- The Washington Times - Sunday, August 30, 2009

JERICHO‘S FALL
By Stephen L. Carter
Knopf, $25.95, 351 pages
REVIEWED BY JOHN GREENYA

Now comes Stephen Carter — for the fourth time in fiction — beginning thusly: “On the Sunday before the terror began, Rebecca DeForde pointed her rental car into the sullen darkness of her distant past.” To which I can only say, oh, puleeze.

OK, an unkind opening on my part, perhaps, but, let me ask you, is that a beginning that makes you think what follows will get better, either as thriller fiction or as felicitous writing? “Going out, Hon?” “Yes, I thought I’d take a spin into the sullen darkness of my distant past.” “Oh, better be careful!”

Rebecca DeForde, 35 and as much of a knockout as her predecessors in Stephen L. Carter’s highly popular three previous novels, has a rather pedestrian present. The divorced mother of a 7-year-old girl, Rebecca dropped out of Princeton after one year and now advises “… the folks who own my company to put the perfumes to the right or to the left of the jewelry counter as you walk into the store.”

The invitation to revisit her distant past has come from the man who made it both sullen and dark, Jericho Ainsley, former head of the CIA, former secretary of defense, then Ivy League college professor, and finally Wall Street money-maker, now dying of cancer in his Colorado mountaintop redoubt. The home, a hugely expensive, heavily fortified, high-tech guarded fortress, has everything but a moat. Jericho may be on his way out, but he has no intention of going gently into that good night.

Perhaps mad, perhaps just himself — apparently once a plotting, scheming, devious spymaster always a plotting, scheming, devious spymaster — Ainsley has scores to settle. There’s the anger of his children who never let him forget he left their mother for then 19-year old Rebecca DeForde, plus who knows what all intrigues he was involved in as DCI or SecDef, and as a titan on Wall Street he was part of a legendarily successful private equity firm that eventually did a total Madoff Meltdown. The man whom friends and family refer to as “The Former Everything” is definitely a man with scores to settle.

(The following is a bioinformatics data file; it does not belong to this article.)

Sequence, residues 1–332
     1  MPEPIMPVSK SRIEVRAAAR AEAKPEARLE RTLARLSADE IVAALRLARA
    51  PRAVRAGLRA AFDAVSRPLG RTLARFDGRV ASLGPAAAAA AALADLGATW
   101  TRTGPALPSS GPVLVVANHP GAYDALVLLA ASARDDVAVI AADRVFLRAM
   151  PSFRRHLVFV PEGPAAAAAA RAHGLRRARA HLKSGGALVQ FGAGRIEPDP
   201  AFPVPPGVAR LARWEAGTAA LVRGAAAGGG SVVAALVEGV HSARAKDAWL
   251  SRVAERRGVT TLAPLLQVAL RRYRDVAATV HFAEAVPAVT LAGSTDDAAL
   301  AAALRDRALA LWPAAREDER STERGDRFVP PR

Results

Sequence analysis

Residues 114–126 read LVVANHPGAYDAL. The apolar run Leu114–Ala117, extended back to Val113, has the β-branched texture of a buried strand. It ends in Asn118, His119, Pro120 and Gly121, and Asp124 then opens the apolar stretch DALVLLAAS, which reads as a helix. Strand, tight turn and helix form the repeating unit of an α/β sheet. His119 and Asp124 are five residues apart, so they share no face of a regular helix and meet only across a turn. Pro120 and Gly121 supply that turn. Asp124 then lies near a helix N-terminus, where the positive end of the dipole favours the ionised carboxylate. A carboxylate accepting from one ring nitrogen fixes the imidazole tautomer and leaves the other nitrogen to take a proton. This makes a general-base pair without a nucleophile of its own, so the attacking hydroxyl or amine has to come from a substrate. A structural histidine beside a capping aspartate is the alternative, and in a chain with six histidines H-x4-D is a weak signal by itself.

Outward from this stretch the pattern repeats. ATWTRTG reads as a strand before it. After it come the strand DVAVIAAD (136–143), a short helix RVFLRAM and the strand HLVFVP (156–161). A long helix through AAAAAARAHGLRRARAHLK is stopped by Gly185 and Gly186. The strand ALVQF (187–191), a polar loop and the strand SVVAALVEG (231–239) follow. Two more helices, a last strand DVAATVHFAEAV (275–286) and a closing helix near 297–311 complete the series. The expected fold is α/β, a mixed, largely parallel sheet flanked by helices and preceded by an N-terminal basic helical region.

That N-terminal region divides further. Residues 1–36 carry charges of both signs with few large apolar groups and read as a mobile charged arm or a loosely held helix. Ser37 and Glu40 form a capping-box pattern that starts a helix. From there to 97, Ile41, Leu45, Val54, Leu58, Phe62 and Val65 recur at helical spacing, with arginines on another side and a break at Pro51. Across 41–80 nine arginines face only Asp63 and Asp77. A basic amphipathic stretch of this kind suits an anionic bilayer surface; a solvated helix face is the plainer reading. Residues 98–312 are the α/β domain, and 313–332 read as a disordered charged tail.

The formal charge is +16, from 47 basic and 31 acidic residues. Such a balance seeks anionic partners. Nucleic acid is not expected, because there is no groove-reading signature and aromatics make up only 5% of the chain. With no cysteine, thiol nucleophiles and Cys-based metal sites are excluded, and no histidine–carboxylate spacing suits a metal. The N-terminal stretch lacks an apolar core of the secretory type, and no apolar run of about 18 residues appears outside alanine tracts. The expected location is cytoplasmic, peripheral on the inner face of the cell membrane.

He has summoned Rebecca de Winter — excuse me, DeForde — up to his mountaintop because he says needs her help. But help with what, exactly? A new will, a tell-all memoir? That’s the plot-driving question that has several competing forces eager to find out. They all want to use “Beck” to find out what Jericho is up to before he falls — or blows the walls down. And they all play rough. One major force is represented by “Dak,” short for Philip Akadakos, Ainsley’s former comrade in arms when both served on the highest levels of the CIA’s mountaintop. Dak is, apparently, still loyal to the Agency and also to Jericho, or is he?

And then there’s the FBI, once again portrayed as bumblers, and it’s not clear if they’re trying to protect Ainsley from someone or vice versa. Also in the cast are the local police, a buffoonish sheriff and his smart and handsome deputy, plus a wild man of an investigative reporter who may or may not be what he says he is, and a sinister group of unknowns busily killing dogs, crashing and blowing up vehicles, flying black helicopters over the property, messing with cell phones and computers, and, at the end, eliminating people with extreme prejudice.

As for Rebecca, she’s trying hard to learn what Jericho wants her help with, but she has to contend with Ainsley’s bitter daughters, one of them a man-eater and the other a former CIA interrogator-turned-Episcopalian nun (I kid you not). Oh, and off in the distance but perhaps also pulling strings, is Ainsley’s only son, who hates him. There are others too, but you’d have to take notes.

The action that begins with the Sunday drive lasts until Friday, by which time all hell has broken loose, and the landscape is littered with bodies. In the end, the secret’s out, for what that turns out to be worth. The point, I guess, is how terribly some (all?) human beings can screw up their lives and those of others, even those they may love. And maybe also what a bummer power can be.

Stephen L. Carter’s day job remains that of the William Nelson Cromwell Professor of Law at Yale. In that capacity, he wrote seven books of nonfiction, but as he showed — especially with the first two (“The Emperor of Ocean Park” and “New England White”) — he can also write popular fiction. It’s just not fiction that’s popular with me. Sorry, but there it is.

As I suggested by quoting the book’s first sentence, he often becomes melodramatic, or pretentious when he’s going for profound, humorless when funny would help and funny when it doesn’t, and fond of the occasional odd name or word: e.g., he describes a character as being “dubitante,” which I had to go beyond my pocket-sized French-to-English dictionary to learn probably means “doubtful.”

Some of the writing is maddeningly imprecise, while at other times he’s too specific, as when a cop in a hurry asks a witness if she saw “a man, about sixty-six, white, broad shoulders?” Is she going to say no because the man she saw was only “about sixty-five” or “about sixty-seven?” Along the same lines, Mr. Carter tells us as Beck and the deputy sit in a tavern she looks across the room and sees “a trio of sixtyish women drinking gin.” Not vodka, not water, gin. Wow! Maybe she should be the cop.

That last point is my major objection to Stephen Carter’s fiction. His heroines, especially the last several, are for my money far too clever to be credible. I just can’t believe they could, to paraphrase F. Scott Fitzgerald, keep all these diametrically opposed ideas in the mind at the same time and still retain the ability to function. Especially when bombs burst overhead and bullets fly past. No way. Color me dubitante.

John Greenya is a Washington-area writer.

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